Sure, everyone is going to starve to death because food is going to become out of everyone's price range. And yeah, farmers will be out of work and won't be able to provide for their families.
But at least we'll save the planet by lowering the temperature over the next 100 years by maybe 1 or 2 degrees!
That's the plan in the Netherlands where Dutch officials have decided to completely tank their agriculture industry to save the earth from the sun monster.
The Telegraph has the story:
The Dutch government plans to buy and close down up to 3,000 farms near environmentally sensitive areas to comply with EU nature preservation rules.
The Netherlands is attempting to cut down its nitrogen pollution and will push ahead with compulsory purchases if not enough farms take up the offer voluntarily.
Farmers will be offered a deal "well over" the worth of the farm, according to the government plan that is targeting the closure of 2,000 to 3,000 farms or other major polluting businesses.
So, whether or not you want to sell, the Netherlands is going to take your farm away from you because they need to save the world.
Never mind that the Netherlands' impact on the climate is probably very insignificant globally, they would rather take over the entire industry and all the farmlands for your good.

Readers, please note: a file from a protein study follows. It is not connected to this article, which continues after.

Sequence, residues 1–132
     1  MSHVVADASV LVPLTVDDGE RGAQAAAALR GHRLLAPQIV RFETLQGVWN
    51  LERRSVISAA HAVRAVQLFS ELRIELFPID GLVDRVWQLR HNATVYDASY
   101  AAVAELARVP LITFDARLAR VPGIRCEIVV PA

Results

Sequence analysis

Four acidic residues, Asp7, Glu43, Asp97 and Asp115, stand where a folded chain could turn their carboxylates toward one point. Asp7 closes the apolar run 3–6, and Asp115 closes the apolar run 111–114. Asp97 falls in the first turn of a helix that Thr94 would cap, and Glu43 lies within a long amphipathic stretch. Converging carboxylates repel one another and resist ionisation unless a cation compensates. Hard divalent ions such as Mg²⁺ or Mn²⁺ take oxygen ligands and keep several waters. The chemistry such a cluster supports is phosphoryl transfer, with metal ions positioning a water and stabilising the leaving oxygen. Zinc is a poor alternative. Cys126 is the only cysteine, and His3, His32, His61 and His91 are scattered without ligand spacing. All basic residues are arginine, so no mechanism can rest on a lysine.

(And they are a massive exporter of food – as in, MASSIVE... I hope the rest of the world likes starving...)
Besides, you can eat ze bugs.
Farmers' lobby group LTO Nederland said trust in the government "has been very low for a long time". It accused the Government of drafting "restrictions without perspective".
Sjaak van der Tak, chairman of LTO, said: "Of course it is positive that a good voluntary stop scheme is being promised. But the stayers who are central to us will have many additional restrictions imposed."
Agractie, another farmers' organisation, said the voluntary closure scheme was welcome but must not be applied with the threat of compulsory purchase.
Ministers will decide if enough farms have come forward voluntarily to close in the autumn. They say the plan will help biodiversity recover, building could resume and farms without proper nitrogen permits could be legalised.
They are also looking at eventually taxing nitrogen emissions to encourage more sustainable practices, the Dutch News website reported.